'Science, Technology, and Society' offers approximately 150 articles written by major scholars and experts from academic and scientific institutions worldwide. The theme is the functions and effects of science and technology in society and culture.
Collection of essays that identify the values crucial to science, distinguish some of the criteria that can be used for value identification, and elaborate the conditions for warranting certain values as necessary or central to scientific research.
'It has been said by its opponents that science divorces itself from literature; but the statement, like so many others, arises from lack of knowledge.' John Tyndall, 1874 Although we are used to thinking of science and the humanities as separate disciplines, in the nineteenth century that division was not recognized. As the scientist John Tyndall pointed out, not only were science and literature both striving to better 'man's estate', they shared a common language and cultural heritage. The same subjects occupied the writing of scientists and novelists: the quest for 'origins', the nature of the relation between society and the individual, and what it meant to be human. This anthology bring...
Surveying modern developments in science from 1900 to the present day, this fascinating volume explores Einstein's new physics, the Manhattan Project, eugenics, biotechnology, the Human Genome Project and much more.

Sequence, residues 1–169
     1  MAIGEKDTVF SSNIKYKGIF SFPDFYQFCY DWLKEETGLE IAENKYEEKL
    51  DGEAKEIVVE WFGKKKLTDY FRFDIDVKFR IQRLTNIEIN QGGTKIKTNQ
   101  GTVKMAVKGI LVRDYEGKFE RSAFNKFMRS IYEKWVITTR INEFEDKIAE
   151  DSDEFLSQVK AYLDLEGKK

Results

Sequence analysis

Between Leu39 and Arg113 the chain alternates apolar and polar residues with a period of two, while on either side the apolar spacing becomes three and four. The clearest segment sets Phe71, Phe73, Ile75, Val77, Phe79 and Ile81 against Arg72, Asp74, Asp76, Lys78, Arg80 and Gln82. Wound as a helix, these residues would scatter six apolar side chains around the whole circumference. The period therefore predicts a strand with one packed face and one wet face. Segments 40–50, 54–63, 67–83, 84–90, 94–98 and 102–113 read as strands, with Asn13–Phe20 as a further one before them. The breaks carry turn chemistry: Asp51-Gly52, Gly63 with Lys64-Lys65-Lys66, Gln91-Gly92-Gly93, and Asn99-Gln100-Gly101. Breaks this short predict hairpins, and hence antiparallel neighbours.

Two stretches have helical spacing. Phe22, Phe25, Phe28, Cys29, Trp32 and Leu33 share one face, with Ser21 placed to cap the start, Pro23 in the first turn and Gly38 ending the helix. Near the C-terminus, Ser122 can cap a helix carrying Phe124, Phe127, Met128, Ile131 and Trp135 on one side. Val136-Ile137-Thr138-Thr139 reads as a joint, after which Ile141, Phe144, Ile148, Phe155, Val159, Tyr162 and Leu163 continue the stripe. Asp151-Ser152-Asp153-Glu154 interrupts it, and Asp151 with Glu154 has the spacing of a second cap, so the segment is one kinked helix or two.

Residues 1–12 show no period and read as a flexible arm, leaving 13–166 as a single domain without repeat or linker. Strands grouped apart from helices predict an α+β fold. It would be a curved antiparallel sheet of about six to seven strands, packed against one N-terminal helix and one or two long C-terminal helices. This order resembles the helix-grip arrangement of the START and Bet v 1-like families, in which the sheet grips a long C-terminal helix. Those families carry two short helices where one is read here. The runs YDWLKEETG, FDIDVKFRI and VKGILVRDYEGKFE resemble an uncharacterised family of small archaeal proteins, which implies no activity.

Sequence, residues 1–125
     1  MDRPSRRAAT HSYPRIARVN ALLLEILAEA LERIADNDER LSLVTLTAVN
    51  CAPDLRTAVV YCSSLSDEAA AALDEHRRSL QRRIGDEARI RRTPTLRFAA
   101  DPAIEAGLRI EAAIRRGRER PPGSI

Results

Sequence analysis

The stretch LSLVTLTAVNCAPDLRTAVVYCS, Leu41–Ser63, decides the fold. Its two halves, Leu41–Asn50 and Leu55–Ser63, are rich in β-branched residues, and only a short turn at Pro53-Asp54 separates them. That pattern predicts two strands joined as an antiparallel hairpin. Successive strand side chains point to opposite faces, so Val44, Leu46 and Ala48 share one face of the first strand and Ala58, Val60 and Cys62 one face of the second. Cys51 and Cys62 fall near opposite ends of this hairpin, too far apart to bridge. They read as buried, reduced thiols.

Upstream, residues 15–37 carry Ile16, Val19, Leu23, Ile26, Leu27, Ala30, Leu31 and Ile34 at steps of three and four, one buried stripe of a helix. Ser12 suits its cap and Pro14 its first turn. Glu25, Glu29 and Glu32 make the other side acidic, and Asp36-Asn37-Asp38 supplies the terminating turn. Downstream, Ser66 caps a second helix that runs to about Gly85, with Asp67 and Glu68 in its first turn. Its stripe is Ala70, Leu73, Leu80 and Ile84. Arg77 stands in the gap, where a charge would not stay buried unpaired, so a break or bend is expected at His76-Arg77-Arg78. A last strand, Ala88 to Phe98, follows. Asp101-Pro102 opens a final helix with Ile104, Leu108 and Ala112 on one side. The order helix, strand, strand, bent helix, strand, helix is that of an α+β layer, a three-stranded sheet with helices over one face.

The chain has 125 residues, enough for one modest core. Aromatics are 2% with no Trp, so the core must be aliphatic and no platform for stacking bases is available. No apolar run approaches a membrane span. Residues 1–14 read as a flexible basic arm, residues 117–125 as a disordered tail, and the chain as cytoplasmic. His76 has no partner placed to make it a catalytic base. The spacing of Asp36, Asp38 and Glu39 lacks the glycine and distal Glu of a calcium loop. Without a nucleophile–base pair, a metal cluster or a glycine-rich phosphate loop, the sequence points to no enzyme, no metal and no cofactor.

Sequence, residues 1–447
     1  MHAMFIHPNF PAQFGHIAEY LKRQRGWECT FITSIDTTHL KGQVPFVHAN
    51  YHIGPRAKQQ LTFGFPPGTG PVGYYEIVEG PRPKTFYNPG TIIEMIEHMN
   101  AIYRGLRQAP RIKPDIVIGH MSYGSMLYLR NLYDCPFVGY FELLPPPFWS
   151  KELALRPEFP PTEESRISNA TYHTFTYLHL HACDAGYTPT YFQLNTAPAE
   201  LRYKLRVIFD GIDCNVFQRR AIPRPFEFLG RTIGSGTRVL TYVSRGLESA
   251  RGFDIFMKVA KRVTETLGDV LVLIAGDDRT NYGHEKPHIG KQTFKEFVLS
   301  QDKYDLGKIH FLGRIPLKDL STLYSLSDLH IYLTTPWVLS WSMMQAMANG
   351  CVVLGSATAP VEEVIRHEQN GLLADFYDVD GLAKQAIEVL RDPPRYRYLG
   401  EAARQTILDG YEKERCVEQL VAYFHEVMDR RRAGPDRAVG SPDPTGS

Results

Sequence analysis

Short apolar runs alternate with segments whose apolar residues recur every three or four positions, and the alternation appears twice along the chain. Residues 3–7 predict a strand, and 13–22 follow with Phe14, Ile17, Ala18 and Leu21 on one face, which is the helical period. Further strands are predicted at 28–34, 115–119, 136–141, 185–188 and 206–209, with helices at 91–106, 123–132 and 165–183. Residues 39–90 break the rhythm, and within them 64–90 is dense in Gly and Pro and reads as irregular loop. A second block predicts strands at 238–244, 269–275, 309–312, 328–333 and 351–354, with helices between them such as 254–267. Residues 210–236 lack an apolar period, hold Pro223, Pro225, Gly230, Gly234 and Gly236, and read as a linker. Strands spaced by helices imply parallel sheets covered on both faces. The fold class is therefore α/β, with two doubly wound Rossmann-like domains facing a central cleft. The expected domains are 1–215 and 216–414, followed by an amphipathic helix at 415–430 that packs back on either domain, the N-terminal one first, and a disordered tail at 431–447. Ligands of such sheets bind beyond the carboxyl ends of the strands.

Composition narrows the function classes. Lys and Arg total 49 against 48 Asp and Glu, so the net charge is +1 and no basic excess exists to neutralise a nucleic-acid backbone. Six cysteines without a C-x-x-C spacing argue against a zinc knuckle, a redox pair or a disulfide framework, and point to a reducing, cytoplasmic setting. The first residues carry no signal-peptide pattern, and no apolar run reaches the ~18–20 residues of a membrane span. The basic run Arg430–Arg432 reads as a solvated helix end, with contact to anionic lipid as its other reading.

InMaking Truth: Metaphor in ScienceTheodore L. Brown argues that most laypeople, and many scientists, do not have a clear understanding of how metaphor relates to scientific thinking. With stunning clarity, and bridging the worlds of scientists and nonscientists, Brown demonstrates the presence and the power of metaphorical thought. To illustrate the roles of metaphor in science, Brown presents a series of studies of scientific systems. These range from the atom, historically one of the most important ideas in science, through models in chemistry and biology, including current "hot" topics such as protein folding, chaperone proteins, and global warming. The case studies inMaking Truthillustrate the deeply metaphorical nature of scientific reasoning and communication. They provide the basis for far-reaching conclusions about science as an intellectual and social practice and about the nature of scientific truth.